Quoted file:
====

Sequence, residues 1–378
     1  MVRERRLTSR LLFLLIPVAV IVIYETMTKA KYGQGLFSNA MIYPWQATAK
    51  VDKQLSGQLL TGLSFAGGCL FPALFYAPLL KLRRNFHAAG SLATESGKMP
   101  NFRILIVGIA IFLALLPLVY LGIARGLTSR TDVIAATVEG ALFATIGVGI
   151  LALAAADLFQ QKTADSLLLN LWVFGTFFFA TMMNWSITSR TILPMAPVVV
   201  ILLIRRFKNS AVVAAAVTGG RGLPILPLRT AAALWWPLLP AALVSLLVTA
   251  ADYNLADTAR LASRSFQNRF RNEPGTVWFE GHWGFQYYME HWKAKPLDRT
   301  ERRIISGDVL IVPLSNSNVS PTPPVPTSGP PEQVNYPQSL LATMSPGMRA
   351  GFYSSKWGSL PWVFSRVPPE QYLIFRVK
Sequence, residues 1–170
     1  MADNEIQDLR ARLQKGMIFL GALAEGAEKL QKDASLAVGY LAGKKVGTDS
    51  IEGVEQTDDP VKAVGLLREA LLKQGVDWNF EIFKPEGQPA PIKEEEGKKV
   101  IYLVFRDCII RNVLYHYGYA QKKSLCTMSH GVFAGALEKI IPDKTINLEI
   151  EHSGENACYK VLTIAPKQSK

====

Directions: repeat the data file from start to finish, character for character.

Sequence, residues 1–378
     1  MVRERRLTSR LLFLLIPVAV IVIYETMTKA KYGQGLFSNA MIYPWQATAK
    51  VDKQLSGQLL TGLSFAGGCL FPALFYAPLL KLRRNFHAAG SLATESGKMP
   101  NFRILIVGIA IFLALLPLVY LGIARGLTSR TDVIAATVEG ALFATIGVGI
   151  LALAAADLFQ QKTADSLLLN LWVFGTFFFA TMMNWSITSR TILPMAPVVV
   201  ILLIRRFKNS AVVAAAVTGG RGLPILPLRT AAALWWPLLP AALVSLLVTA
   251  ADYNLADTAR LASRSFQNRF RNEPGTVWFE GHWGFQYYME HWKAKPLDRT
   301  ERRIISGDVL IVPLSNSNVS PTPPVPTSGP PEQVNYPQSL LATMSPGMRA
   351  GFYSSKWGSL PWVFSRVPPE QYLIFRVK
Sequence, residues 1–170
     1  MADNEIQDLR ARLQKGMIFL GALAEGAEKL QKDASLAVGY LAGKKVGTDS
    51  IEGVEQTDDP VKAVGLLREA LLKQGVDWNF EIFKPEGQPA PIKEEEGKKV
   101  IYLVFRDCII RNVLYHYGYA QKKSLCTMSH GVFAGALEKI IPDKTINLEI
   151  EHSGENACYK VLTIAPKQSK